U.S. SECURITIES AND EXCHANGE COMMISSION
Litigation Release No. 18420 / October 21, 2003
Accounting and Auditing Enforcement
Release No. 1903 / October 21, 2003
Securities and Exchange Commission v. Gerald H. Levine and Marie A. Levine, Civil Action No. 99 CIV 02568 (HHK) (D.D.C.)
JURY FINDS OFFICERS OF C.E.C. INDUSTRIES CORPORATION LIABLE FOR FINANCIAL FRAUD
Former CEO Gerald H. Levine and Principal Financial Officer Marie A. Levine Found Liable On All Counts After 5 Day Trial
On October 16, 2003, following a five-day trial, a jury in the U.S. District Court for the District of Columbia found Gerald H. Levine and Marie A. Levine liable for financial fraud based on their overstating the assets of C.E.C. Industries Corporation (CEC). Gerald Levine, age 70, was CEC's chief executive officer; his wife Marie, age 56, was CEC's secretary-treasurer, the company's principal financial officer. The jury found that the Levines violated the antifraud provisions of the Securities Exchange Act of 1934 ("Exchange Act") and the Securities Act of 1933 ("Securities Act"): Exchange Act Section 10(b) and Rule 10b-5, and Securities Act Sections 17(a)(1), (2), and (3). The Levines were also found to have violated Exchange Act Section 13(b)(5) and Rule 13b2-1, which prohibit the falsification of a public company's books and records.
The Commission's complaint, filed on September 28, 1999, alleged that the Levines overstated CEC's assets in reports that they filed with the Commission for CEC's fiscal years 1996 and 1997. The complaint also alleged that the Levines, acting through another corporate entity, Wire to Wire Inc., profited from their fraud by selling CEC stock while they knew that they had overstated CEC's assets. In particular, the complaint alleged that the Levines overstated the value of two purported corporate assets (1) a 9,000-acre tract of land in Tennessee that they claimed held 52 million tons of coal and substantial timber assets; and (2) forty-one paintings by "Sky Jones," which they claimed had a value of $1.7 million. The Commission proved at trial that CEC (and its corporate affiliates) did not even own the land and that the paintings were worth no more than $10,350.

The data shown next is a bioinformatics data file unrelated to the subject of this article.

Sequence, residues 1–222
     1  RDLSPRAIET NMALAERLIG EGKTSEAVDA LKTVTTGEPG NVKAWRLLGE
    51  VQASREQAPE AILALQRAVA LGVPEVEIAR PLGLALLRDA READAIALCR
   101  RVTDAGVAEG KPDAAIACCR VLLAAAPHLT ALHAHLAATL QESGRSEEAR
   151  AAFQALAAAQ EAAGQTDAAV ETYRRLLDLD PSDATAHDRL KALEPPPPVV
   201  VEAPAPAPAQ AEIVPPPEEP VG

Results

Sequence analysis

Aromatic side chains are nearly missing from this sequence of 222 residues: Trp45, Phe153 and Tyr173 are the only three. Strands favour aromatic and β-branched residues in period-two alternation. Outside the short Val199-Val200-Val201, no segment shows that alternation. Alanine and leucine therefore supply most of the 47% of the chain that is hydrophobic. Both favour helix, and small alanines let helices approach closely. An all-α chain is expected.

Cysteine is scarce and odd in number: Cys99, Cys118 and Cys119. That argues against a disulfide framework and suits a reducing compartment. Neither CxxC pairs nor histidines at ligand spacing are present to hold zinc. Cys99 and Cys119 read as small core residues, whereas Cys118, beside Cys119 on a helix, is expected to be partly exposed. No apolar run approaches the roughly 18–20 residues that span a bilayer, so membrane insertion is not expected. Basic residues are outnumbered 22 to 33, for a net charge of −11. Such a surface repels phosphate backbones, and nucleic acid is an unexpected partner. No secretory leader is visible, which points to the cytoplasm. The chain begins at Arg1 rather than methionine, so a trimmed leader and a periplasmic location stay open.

The Court has not yet determined the sanctions against the Levines. The Commission's complaint seeks bars permanently prohibiting them from serving as officers or directors of any publicly traded company, a permanent injunction against future violations of the securities laws, disgorgement of illicit profits from sales of CEC stock, and civil penalties. Previously, on September 11, 2001, CEC settled the Commission's financial fraud charges against the company, without admitting or denying the allegations, by consenting to the entry of a final judgment that included a permanent injunction.
The Commission acknowledges the valuable assistance provided by several CEC shareholders, who brought to the Commission's attention many salient facts related to this matter. For further background information, please see Litigation Release No. 17139 (September 19, 2001) and Litigation Release No. 16299 (September 28, 1999).